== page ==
Security for Radar Sensors: Attacks and Risk Mitigation
Prof. Changzhi Li
Texas Tech University, USA
Abstract: By sensing various physical parameters with microwave signals, modern radar sensors with state-of-the-art front-end and AI-powered algorithms have great potential to improve transportation, healthcare, security, and human-machine interface. This presentation will first provide a quick overview on state-of-the-art smart radar sensors enabled by advanced digital/RF beamforming, multiple-input and multiple-output (MIMO), synthetic aperture radar (SAR), and deep learning. A few examples of interferometry, Doppler, frequency-shift keying (FSK), and frequency-modulated continuous-wave (FMCW) radar sensors operating at 5.8 GHz, 24 GHz and 120 GHz will be demonstrated. Then, the presentation will focus on the emerging security and resilience aspects of modern radar sensors as they become ubiquitous in many sectors of modern life. To this end, possible ways of malicious attacks based on spoofing and jamming to radar sensors will be demonstrated. The presentation will illustrate both analog and digital spoofing techniques in time- and frequency- domains, which not only fake target locations but also synthesize physical and physiological motions. To mitigate potential attacks and reduce security risks, new microwave and system technologies, such as inter-chirp modulation and hybrid waveform, will be unveiled. These efforts aim to make smart radar sensors more secure and trustworthy for their deployment in various areas. Finally, the talk will discuss future industrial, government and academic R&D outlook for the security of modern radar sensors and open the floor for interactive discussions with the audience.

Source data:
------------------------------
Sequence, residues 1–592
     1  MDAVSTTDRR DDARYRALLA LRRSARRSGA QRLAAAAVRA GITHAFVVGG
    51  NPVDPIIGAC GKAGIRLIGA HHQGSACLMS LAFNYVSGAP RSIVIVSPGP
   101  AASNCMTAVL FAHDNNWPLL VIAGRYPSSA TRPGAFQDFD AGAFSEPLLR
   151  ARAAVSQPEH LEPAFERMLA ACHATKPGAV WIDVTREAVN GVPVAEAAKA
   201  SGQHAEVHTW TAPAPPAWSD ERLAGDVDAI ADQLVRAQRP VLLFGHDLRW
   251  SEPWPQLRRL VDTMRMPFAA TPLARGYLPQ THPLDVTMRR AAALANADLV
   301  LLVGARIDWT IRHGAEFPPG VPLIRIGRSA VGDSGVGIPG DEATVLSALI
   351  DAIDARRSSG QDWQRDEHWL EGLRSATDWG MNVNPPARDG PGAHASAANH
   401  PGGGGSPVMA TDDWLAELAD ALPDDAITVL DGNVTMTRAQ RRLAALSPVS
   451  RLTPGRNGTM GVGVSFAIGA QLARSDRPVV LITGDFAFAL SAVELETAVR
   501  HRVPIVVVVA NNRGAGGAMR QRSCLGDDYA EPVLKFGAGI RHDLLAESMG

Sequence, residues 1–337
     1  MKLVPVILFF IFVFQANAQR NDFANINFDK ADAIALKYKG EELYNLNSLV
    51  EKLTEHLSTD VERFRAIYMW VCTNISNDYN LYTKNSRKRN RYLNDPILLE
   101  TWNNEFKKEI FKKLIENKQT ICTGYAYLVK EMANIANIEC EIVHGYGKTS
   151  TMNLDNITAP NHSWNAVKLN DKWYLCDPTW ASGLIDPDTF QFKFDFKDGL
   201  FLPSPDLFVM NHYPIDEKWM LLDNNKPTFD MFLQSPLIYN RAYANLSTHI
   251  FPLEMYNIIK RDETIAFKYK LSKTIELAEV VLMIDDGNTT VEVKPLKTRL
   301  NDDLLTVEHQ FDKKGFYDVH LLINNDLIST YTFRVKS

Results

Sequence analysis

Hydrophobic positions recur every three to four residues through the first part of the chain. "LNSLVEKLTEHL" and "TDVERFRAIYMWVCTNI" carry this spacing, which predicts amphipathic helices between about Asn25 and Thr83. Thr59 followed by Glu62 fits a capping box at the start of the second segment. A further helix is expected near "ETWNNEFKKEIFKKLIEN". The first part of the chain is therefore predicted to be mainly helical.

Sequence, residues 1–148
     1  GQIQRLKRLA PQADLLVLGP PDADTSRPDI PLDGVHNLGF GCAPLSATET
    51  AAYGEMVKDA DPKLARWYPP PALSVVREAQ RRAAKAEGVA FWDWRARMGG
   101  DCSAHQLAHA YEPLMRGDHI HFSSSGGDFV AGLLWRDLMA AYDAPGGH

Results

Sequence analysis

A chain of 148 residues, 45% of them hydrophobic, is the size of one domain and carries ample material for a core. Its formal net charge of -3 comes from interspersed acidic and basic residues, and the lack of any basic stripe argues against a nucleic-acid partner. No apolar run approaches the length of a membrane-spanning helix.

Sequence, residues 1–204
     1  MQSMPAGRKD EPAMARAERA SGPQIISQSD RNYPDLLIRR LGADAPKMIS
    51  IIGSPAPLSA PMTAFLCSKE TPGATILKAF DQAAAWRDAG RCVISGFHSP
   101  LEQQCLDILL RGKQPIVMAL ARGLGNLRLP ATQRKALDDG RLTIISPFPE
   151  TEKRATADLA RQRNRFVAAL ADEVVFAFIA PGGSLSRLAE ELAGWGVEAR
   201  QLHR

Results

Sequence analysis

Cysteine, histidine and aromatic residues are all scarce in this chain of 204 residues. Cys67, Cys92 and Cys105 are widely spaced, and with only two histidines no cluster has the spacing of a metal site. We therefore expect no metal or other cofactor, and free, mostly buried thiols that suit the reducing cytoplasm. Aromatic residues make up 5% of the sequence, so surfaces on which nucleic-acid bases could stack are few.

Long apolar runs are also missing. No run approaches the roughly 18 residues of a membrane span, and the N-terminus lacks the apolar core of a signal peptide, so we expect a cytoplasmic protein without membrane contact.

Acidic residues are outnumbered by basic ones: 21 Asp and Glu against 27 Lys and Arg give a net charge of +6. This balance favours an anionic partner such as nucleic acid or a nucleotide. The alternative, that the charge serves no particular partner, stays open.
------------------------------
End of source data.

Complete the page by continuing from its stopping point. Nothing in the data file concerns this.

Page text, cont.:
Speaker’s Bio: Changzhi Li received the Ph.D. degree in electrical engineering from the University of Florida, Gainesville, FL, in 2009. He is a Professor at Texas Tech University. His research interest is microwave/millimeter-wave sensing for healthcare, security, and human-machine interface.
Dr. Li is a speaker of the MTT-S Speakers Bureau Program. He was a recipient of the IEEE Microwave Theory and Techniques Society (MTT-S) Outstanding Young Engineer Award, the IEEE Sensors Council Early Career Technical Achievement Award, the ASEE Frederick Emmons Terman Award, the IEEE-HKN Outstanding Young Professional Award, and the U.S. National Science Foundation (NSF) Faculty Early CAREER Award. He is an Associate Editor of the IEEE TRANSACTIONS ON MICROWAVE THEORY AND TECHNIQUES and the IEEE JOURNAL OF ELECTROMAGNETICS, RF AND MICROWAVES IN MEDICINE AND BIOLOGY. He is the TPC chair of the 2022 IEEE Radio & Wireless Week. He served as the chair of the MTT-S Technical Committee “Biological Effect and Medical Applications of RF and Microwave” from 2018 to 2019, a TPC Co-Chair for the IEEE MTT-S International Microwave Biomedical Conference from 2018 to 2019, and the IEEE Wireless and Microwave Technology Conference from 2012 to 2013.